Monday, February 18, 2008

MR Book Club: Special Okie Edition! Chapter 7 of "The Logic of Life"

Today we are discussing Tim Harford's chapter on cities, called "The World is Spiky". Special thanks to MR readers for swinging over to this dusty corner of the interwebs. Let me start by saying that Tim must be right, because the opposite position is “The World is Flat” and Thomas Friedman is always wrong! Secondly, this is a very fun book, highly recommended for the intelligent layperson (yes we economists are ordained in a secret ritual) or student of economics.

Here is my summary of Tim’s argument. Cities are expensive, and that expense is above and beyond paying the necessary rents to gain access to their unique amenities. Cities are marked by knowledge spillovers, a positive externality (don’t get mad Bryan) where human capital grows faster when one is around more humans. And the internet, rather than reducing the positive effects of cities on productivity, actually enhances them. Thus, rather than subsidizing rural areas, perhaps we should consider subsidizing cities.

Luckily for Tim and his prospective book sales, he tells this story in a much more entertaining way than I just did. But I still have some questions, suggestions, and quibbles.

The claim is made that salary differences don’t match up with cost of living differences and the reason for this is knowledge spillovers, but it is not spelled out exactly how that would work. An alternative seems to me that zoning restrictions create these big rents and pre-existing property owners are sucking a lot of the consumer surplus out of people with high valuations on cool experiences. There are a lot of experiences that are simply unavailable outside of a big wealthy city.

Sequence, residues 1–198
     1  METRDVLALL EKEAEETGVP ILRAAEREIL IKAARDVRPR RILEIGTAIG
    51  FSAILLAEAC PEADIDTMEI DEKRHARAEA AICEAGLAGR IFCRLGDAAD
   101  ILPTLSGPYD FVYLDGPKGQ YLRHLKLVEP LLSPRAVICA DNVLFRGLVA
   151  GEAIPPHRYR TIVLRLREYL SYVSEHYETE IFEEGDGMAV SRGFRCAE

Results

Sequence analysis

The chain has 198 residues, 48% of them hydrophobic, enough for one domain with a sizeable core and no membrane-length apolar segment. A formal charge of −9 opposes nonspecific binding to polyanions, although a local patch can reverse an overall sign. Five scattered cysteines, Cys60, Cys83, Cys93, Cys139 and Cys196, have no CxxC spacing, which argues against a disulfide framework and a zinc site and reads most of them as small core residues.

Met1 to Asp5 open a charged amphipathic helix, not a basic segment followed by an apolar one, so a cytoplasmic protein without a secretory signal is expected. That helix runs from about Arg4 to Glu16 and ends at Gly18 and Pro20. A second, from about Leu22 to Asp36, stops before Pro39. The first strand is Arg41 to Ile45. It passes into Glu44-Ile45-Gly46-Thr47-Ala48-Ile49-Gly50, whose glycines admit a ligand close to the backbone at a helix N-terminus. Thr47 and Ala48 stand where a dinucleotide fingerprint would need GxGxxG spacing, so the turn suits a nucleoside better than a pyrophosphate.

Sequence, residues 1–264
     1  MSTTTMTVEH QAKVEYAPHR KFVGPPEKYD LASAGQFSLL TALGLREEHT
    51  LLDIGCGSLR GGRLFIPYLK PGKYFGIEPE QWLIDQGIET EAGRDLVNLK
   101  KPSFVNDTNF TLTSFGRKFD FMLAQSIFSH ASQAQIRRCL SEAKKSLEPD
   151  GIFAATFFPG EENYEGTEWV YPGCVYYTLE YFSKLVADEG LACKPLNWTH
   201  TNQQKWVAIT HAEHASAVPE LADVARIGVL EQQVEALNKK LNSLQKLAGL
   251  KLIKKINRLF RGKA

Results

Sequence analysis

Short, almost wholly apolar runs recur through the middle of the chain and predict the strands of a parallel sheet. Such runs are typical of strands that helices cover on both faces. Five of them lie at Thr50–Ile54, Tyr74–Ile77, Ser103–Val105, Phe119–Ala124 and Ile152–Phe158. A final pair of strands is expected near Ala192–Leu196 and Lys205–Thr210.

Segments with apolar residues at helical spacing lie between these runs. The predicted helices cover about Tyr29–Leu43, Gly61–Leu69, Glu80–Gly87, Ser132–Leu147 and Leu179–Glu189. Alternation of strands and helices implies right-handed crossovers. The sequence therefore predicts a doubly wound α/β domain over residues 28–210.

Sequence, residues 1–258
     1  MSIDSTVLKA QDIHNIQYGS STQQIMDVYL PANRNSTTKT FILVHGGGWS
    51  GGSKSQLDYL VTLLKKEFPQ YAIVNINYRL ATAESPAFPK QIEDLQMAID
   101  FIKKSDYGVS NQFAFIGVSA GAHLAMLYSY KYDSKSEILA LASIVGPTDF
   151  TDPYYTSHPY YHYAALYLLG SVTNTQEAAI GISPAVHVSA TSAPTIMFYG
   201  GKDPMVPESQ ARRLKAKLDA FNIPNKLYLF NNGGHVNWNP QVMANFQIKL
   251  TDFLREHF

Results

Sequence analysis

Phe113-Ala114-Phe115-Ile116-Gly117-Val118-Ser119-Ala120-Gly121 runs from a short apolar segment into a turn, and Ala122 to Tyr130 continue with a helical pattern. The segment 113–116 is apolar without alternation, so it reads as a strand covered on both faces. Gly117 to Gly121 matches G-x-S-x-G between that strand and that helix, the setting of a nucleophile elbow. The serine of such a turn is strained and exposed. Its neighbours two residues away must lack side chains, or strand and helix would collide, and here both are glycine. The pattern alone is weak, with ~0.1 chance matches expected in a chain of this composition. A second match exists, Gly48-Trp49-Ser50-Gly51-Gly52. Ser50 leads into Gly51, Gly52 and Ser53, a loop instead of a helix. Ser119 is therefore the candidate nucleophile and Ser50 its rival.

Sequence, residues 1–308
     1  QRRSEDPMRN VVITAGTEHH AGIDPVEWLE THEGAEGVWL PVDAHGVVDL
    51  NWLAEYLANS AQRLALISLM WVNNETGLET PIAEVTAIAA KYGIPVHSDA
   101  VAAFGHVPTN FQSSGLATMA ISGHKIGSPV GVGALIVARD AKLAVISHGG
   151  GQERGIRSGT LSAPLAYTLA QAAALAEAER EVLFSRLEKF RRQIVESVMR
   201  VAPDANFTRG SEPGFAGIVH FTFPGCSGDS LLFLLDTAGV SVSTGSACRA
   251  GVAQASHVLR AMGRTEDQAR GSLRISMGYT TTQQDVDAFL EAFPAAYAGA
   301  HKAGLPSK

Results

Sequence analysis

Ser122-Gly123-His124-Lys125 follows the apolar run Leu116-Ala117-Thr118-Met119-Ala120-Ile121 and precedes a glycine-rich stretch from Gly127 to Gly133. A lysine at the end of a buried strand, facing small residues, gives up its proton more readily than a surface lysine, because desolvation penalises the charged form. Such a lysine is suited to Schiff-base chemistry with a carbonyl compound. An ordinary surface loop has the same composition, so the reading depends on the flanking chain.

Tim discusses “failing cities” and describes (correctly I think) why people still live there, but gives no explanation for why they failed if indeed cities produce these positive externalities. There is no discussion of some of the very biggest cities in the world; Mexico City, Lagos, Jakarta. It would be nice to know where the argument works, where it doesn’t and how to know which is which.

In discussing the advantages large cities have in producing quality services (another reason why mechanical cost of living comparisons are not very accurate), I would suggest that Tim consider work like Murphy Shleifer & Vishny’s “The Allocation of Talent” which shows how the most able entrepreneurs will run the largest firms (which for services would be located where the largest populations are concentrated).

I don’t think the case of how the internet affects the advantages of cities is open and shut either. In my own profession, isolated researchers have benefitted greatly from technological advances and our journals show an increasing flow of work from outside the traditional East Coast Bastions.

Anyway, thanks to Tim for writing such a fun book and to Tyler for subcontracting this chapter out to me. What do you guys think of cities, prices, and spillovers?


Tim Harford said...

Kevin, Thank you. I am in one of the world's great cities, Singapore, and it is the middle of the night Tim Harford time. I'll try to respond sensibly as soon as I can...
Best wishes, Tim Harford

Tim Harford said...

A few more thoughts.